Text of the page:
Dr. Stanton Peele points out a simple fact. It’s that alcohol abstaining is dangerous to health and longevity. Abstainers tend to have poorer health than moderate drinkers. They also tend to die sooner. In fact, teetotaling is a risk factor for poor health and earlier death. Perhaps, he suggests, health agencies should warn the public about abstaining from alcohol.
A New York Times article revealed widening gaps in life expectancy according to income, race, sex, education and geography. All of the demographics associated with declining life expectancy gains are also associated with abstinence from alcohol.
Researchers “found that life expectancy actually declined in a substantial number of counties.” Worst off are poor Southern women, who are the Americans least likely to drink. They can’t match the continued health gains among better-off men and women in New England states. These the Americans most likely to drink.
National Survey on Drug Use and Health
The National Survey on Drug Use and Health collects demographic data. Of those 18 and older, men (62%), whites (60%), and college grads (67%!) are most likely to drink. Geographically, most likely to drink are New Englanders (64%) and urbanites (58%).
At the opposite end of the spectrum, women (48%), African Americans (45%), and those without a high school diploma (36%!). Also those residing in East South Central (42%) and rural regions (48%) are least likely to drink.
United Health Foundation
Let’s review the United Health Foundation’s state-by-state compilation, America’s Health Rankings. Four of the five healthiest states are among the leaders in percentage of drinkers. Starting with the healthiest, they are the following. Vermont (64%), Minnesota (#2 in health, 60% drinkers), New Hampshire (#4, 64%), and Connecticut (#5, 66%).
Likewise, four of the five least healthy states are at the low end of the imbibing rankings. They are Mississippi (#50, 38%), Arkansas (#48, 40%), Oklahoma (#47, 41%), and Tennessee (#46, 33%). In all of the healthiest five states, a majority drinks. In all the unhealthiest states, a minority does. The average percentage of drinkers in the healthiest states is 61 percent, the average in the least healthy, 40 percent.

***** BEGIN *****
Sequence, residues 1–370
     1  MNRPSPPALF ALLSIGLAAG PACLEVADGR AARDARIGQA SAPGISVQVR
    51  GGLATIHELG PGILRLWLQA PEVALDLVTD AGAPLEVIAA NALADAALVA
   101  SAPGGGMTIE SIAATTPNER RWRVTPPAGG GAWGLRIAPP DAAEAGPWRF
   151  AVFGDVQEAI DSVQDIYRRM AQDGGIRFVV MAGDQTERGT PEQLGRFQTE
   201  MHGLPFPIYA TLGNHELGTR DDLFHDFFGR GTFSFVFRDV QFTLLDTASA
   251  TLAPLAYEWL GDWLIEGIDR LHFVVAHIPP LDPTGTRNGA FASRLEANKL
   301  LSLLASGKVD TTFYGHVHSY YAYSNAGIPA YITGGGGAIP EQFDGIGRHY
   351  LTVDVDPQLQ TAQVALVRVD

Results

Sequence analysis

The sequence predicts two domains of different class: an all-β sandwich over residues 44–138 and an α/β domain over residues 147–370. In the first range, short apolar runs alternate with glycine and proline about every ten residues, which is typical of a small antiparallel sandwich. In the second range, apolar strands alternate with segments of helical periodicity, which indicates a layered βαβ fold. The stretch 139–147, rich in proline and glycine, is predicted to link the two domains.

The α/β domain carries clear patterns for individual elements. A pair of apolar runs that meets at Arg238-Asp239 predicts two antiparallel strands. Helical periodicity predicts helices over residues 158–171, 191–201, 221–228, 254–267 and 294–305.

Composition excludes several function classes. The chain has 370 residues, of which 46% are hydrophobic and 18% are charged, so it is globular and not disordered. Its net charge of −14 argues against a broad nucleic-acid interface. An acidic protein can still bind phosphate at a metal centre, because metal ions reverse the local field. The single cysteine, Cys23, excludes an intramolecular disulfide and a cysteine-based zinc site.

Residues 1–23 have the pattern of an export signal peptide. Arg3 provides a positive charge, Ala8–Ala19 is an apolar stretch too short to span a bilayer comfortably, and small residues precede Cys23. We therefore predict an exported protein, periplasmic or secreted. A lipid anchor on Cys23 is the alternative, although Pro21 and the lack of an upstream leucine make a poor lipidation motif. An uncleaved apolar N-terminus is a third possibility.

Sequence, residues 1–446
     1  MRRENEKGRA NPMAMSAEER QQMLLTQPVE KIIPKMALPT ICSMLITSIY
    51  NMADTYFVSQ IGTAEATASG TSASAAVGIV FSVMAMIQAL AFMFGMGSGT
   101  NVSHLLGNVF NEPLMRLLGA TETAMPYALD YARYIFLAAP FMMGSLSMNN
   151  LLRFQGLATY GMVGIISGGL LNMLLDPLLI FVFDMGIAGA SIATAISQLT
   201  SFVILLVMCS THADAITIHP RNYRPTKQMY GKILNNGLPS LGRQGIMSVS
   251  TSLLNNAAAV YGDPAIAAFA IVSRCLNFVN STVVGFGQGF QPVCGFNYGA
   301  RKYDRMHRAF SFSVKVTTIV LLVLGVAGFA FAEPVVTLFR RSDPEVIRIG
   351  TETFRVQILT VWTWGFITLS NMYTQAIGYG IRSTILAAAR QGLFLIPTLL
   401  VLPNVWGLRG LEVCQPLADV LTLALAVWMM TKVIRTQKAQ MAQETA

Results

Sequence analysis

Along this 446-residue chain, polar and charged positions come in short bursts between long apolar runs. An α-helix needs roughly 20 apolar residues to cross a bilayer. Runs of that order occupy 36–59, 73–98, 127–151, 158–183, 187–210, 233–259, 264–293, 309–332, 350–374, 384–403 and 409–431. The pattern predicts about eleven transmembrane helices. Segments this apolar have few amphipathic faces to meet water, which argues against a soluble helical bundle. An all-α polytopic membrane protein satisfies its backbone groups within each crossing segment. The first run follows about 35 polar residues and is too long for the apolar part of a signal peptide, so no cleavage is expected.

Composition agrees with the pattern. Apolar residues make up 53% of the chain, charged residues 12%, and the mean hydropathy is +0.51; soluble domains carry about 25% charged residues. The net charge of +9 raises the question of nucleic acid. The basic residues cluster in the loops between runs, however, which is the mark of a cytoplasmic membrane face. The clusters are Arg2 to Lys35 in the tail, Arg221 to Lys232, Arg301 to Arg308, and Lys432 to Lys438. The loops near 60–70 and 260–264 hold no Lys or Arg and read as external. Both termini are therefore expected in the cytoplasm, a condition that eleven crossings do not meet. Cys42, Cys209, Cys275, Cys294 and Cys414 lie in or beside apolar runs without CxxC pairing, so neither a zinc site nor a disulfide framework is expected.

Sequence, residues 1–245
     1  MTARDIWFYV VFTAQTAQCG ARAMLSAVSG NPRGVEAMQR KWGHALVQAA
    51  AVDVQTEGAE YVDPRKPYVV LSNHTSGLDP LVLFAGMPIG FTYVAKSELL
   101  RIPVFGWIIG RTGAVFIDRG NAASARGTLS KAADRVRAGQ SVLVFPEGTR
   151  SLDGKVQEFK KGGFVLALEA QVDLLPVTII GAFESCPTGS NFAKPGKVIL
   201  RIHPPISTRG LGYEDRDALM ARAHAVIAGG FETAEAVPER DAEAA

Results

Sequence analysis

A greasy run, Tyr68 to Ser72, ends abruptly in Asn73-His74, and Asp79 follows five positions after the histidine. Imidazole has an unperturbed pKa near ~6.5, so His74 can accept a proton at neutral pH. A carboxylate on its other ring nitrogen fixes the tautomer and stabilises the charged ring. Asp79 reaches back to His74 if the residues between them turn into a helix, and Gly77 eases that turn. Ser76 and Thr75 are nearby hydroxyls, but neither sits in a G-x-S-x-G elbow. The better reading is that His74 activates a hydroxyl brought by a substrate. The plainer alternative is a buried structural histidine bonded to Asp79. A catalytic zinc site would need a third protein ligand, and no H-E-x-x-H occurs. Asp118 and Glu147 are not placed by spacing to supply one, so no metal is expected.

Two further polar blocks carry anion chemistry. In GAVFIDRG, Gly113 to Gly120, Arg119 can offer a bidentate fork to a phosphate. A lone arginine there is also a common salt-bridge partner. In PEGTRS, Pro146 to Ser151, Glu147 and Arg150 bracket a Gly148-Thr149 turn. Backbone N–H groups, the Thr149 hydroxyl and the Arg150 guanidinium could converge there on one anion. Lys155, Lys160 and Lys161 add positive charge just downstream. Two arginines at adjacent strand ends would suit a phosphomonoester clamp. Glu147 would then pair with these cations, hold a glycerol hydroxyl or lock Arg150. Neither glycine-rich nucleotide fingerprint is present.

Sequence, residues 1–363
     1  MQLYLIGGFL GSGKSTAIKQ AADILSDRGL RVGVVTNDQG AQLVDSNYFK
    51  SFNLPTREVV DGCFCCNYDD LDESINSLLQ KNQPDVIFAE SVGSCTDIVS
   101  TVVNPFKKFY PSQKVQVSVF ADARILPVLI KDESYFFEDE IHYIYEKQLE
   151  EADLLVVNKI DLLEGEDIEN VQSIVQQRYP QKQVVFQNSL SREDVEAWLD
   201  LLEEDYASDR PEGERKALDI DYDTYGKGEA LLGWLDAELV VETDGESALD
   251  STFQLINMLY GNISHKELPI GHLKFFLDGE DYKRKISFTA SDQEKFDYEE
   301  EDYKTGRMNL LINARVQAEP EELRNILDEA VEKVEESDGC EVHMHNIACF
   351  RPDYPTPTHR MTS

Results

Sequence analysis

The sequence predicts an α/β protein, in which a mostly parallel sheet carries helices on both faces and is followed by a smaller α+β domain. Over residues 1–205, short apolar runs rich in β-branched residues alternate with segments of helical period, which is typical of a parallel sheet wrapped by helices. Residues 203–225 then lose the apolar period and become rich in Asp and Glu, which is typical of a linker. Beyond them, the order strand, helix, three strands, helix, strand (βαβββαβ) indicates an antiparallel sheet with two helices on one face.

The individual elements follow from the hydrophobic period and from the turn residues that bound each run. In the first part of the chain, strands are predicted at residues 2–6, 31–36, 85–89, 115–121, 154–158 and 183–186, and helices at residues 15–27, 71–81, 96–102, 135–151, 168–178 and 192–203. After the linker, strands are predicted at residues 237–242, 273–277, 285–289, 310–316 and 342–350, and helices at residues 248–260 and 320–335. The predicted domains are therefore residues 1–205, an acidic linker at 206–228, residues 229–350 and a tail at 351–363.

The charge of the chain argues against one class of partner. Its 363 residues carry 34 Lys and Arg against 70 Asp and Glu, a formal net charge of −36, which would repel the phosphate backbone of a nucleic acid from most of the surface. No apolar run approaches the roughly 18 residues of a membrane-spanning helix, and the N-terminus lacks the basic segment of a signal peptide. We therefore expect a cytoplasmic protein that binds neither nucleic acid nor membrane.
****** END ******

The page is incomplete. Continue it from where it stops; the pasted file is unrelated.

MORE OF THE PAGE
Moderate Drinkers Live Longer
Epidemiologists have long known that regular moderate drinkers live longer than abstainers. Virtually all accept that alcohol itself (all forms of beverage alcohol) prolongs life. A handful of contrarians argue that it is not alcohol per se that makes people live longer. That it is the fact that drinkers eat better, exercise, control their weight, and don’t smoke. They say that accounts for their longer lives. But even this minority view is that studious drinkers are the healthiest Americans overall.
The ratings for percentages of drinkers by states comes from the Behavioral Risk Factor Surveillance System. That’s the BRFSS. I’m confused – it seems as though drinking is the risk factor they are tracking. But this runs counter to the data. They show that a higher prevalence of drinkers in a state predicts greater health and longevity in the state.
People who follow warnings that alcohol is a dangerous substance to avoid actually suffer the poorest health outcomes. Shouldn’t public health agencies be warning about abstinence instead?
It just shows – you can’t always swallow what you are told.
Posted by permission of the author from his Addiction in Society post at PsychologyToday.com/. And also from the Stanton Peele Addiction Website.
Resources: Alcohol Abstaining is Dangerous to Health
- Alcohol and Health
- Benefits of Moderate Drinking Result from Alcohol Itself
- 14 Ways Drinking Alcohol Is Good for Health. (Abstaining is dangerous.)
- Drinking and Women’s Health
- How Much Alcohol Should I Drink for Health & Long Life?
- Drinking Alcohol Reduces Weight Gain
- Calories, Carbs, and Fats in Beverages
- Ford, G. The Benefits of Moderate Drinking. San Francisco: WAG, 1998.
- Haerens, M. Alcohol. Detroit: Greenhaven, 2012.
- NIAAA. Alcohol Health and Research World (mag). Washington: NIAAA.
- Thomas, M. The Longevity List. NSW, Aust: Exisle, 2017.
- Bo, X. et al. Relationship of alcohol consumption to all-cause mortality in U.S. adults. J Am Coll Cardi, 2017, 70(8), 913–922.
- Skovenborg, E. et al. Benefits and hazards of alcohol-the J-shaped curve and public health, Drug Alco Today, 2021, 21(1), 54-69.
- Van den Brandt, P. and Brandts, L. Alcohol consumption in later life and reaching longevity. Age Age, 2020, 49(3), 395–402.